Raw capacity is the total capacity on all the SSDs assigned to a Weka system cluster, e.g., 10 SSDs of 1 terabyte each have a total raw capacity of 10 terabytes. This is the total capacity available for the Weka system. This will change automatically if more hosts or SSDs are added to the system.
Net capacity is the amount of space available for user data on the SSDs in a configured Weka system. It is based on the raw capacity minus the Weka filesystem overheads for redundancy protection and other needs. This will change automatically if more hosts or SSDs are added to the system.
The stripe width is the number of blocks that share a common protection set, which can range from 3 to 16. The Weka system has a distributed, any-to-any protection. Consequently, in a system with a stripe width of 8, many groups of 8 data units spread on various hosts protect each other (rather than a group of 8 hosts forming a protection group). The stripe width is set during the cluster formation and cannot be changed. Stripe width choice impacts performance and space.
The protection level is the number of additional protection blocks added to each stripe, which can be either 2 or 4. A system with a protection level of 2 can survive 2 concurrent failures, while system data with a protection level of N+4 is protected against any concurrent 4 host/disk failures, and its availability is protected against any 4 concurrent disk failures or 2 concurrent host failures. A large protection level has space and performance implications. The protection level is set during the cluster formation and cannot be changed.
A failure domain is a group of Weka hosts, all of which can fail concurrently due to a single root cause, such as a power circuit or network switch failure. A cluster can be configured with explicit or implicit failure domains. For a system with explicit failure domains, each group of blocks that protect each other are spread on different failure domains. For a system with implicit failure domains, the group of blocks is spread on different hosts and each host is a failure domain. A system is defined with explicit or implicit failure domains during the cluster formation, and this definition cannot be changed. For a system with explicit failure domains, additional failure domains can be added, and new hosts can be added to any existing or new failure domain.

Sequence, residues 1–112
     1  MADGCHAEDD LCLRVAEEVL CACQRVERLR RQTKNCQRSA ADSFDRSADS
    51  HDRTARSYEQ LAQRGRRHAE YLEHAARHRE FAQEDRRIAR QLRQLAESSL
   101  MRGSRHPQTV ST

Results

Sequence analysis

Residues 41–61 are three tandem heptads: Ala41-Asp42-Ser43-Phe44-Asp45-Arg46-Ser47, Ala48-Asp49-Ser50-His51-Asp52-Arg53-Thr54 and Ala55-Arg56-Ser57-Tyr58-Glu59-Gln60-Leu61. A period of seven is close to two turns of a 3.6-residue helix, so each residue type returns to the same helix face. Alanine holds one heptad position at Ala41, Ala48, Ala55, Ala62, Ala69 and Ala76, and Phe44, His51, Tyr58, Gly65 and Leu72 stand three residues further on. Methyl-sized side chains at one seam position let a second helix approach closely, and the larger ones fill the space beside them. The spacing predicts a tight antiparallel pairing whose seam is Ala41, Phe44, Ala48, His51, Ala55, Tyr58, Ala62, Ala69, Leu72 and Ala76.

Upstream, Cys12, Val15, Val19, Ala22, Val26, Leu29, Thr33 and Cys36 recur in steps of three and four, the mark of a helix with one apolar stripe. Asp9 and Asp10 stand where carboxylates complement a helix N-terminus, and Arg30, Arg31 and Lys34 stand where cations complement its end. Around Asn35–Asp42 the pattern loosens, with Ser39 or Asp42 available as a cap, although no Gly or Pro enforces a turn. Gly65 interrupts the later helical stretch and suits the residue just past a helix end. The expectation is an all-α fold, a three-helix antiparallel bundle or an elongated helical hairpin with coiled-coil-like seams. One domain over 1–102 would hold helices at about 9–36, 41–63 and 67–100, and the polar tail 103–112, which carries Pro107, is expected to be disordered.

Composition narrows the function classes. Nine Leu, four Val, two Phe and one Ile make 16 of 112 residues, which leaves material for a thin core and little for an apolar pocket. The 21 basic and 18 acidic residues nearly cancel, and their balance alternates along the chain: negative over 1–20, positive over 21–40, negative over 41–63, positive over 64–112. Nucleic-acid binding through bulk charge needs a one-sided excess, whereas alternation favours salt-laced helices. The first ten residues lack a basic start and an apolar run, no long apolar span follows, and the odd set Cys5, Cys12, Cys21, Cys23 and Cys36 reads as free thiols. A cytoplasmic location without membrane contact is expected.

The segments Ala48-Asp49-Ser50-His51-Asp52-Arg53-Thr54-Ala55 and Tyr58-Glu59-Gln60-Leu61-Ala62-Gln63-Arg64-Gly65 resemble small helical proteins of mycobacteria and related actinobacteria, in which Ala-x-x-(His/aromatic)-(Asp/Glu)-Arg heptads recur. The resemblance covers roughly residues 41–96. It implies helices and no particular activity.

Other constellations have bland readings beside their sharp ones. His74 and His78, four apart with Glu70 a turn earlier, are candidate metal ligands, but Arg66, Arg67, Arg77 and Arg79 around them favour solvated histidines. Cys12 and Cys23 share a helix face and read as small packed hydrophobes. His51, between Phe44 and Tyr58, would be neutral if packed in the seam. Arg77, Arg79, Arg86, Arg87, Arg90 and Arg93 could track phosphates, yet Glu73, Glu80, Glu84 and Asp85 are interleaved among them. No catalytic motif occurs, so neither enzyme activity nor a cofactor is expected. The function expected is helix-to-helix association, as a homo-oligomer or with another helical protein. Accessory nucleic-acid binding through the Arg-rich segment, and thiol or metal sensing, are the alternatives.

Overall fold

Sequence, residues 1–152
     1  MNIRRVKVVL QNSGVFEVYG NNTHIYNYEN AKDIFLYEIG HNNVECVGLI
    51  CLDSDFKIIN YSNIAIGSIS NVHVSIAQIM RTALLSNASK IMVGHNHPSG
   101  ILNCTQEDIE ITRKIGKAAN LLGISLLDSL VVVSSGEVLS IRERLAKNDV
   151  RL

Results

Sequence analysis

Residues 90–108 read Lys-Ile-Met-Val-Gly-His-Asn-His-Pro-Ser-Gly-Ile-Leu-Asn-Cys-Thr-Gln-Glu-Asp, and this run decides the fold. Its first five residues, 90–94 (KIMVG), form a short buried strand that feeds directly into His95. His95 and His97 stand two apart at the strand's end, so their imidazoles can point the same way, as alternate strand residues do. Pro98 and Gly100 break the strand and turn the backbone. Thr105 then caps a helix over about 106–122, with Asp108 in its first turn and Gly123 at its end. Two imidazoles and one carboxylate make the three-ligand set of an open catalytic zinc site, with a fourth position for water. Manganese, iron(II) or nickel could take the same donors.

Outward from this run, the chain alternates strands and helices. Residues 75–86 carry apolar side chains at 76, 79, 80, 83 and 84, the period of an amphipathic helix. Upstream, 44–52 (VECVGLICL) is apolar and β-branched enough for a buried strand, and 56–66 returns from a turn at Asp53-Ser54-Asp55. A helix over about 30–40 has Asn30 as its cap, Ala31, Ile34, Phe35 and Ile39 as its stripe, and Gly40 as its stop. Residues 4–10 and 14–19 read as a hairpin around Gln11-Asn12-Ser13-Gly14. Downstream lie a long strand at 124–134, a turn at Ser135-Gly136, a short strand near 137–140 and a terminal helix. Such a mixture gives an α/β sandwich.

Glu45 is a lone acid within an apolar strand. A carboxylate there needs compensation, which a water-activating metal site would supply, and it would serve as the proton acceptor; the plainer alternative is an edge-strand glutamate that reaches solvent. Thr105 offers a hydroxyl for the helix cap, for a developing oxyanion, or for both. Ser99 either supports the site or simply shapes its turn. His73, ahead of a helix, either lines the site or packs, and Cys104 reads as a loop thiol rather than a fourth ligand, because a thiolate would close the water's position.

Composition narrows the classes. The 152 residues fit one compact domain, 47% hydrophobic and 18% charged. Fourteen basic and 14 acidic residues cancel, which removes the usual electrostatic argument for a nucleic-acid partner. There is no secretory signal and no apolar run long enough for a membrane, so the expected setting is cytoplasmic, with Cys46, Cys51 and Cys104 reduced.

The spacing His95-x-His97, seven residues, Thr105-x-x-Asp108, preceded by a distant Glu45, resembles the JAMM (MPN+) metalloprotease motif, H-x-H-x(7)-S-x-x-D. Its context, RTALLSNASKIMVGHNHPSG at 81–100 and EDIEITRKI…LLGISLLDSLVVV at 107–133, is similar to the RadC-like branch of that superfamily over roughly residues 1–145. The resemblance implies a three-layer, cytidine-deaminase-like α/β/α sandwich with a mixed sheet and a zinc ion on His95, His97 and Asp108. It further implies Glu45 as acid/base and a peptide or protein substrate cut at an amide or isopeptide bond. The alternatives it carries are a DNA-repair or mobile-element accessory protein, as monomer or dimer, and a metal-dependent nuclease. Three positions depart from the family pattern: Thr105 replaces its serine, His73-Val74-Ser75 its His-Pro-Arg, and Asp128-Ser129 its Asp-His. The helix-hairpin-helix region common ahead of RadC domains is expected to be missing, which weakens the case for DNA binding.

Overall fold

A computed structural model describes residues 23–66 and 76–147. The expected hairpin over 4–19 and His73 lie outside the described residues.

Hot spare is the number of failure domains that the system can lose, undergo a complete rebuild of data, and still maintain the same net capacity. All failure domains are always participating in storing the data, and the hot spare capacity is evenly spread within all failure domains.
The higher the hot spare count, the more hardware required to obtain the same net capacity. On the other hand, the higher the hot spare count, the more relaxed the IT maintenance schedule for replacements. The hot spare is defined during cluster formation and can be reconfigured at any time.
After deducting the capacity for the protection and hot spares, only 90% of the remaining capacity can be used as net user capacity, with the other 10% of capacity reserved for the Weka filesystems. This is a fixed formula that cannot be configured.
Provisioned capacity is the total capacity assigned to filesystems. This includes both SSD and object store capacity.
Available capacity is the total capacity which can be used for the allocation of new filesystems, which is net capacity minus provisioned capacity.
The net capacity of the Weka system is obtained after the following three deductions performed during configuration:
Level of protection required, i.e., the amount of storage capacity to be dedicated for system protection.
Hot spare(s), i.e., the amount of storage capacity to be set aside for redundancy and to allow for rebuilding following a component failure.
Weka filesystem overhead, in order to improve overall performance.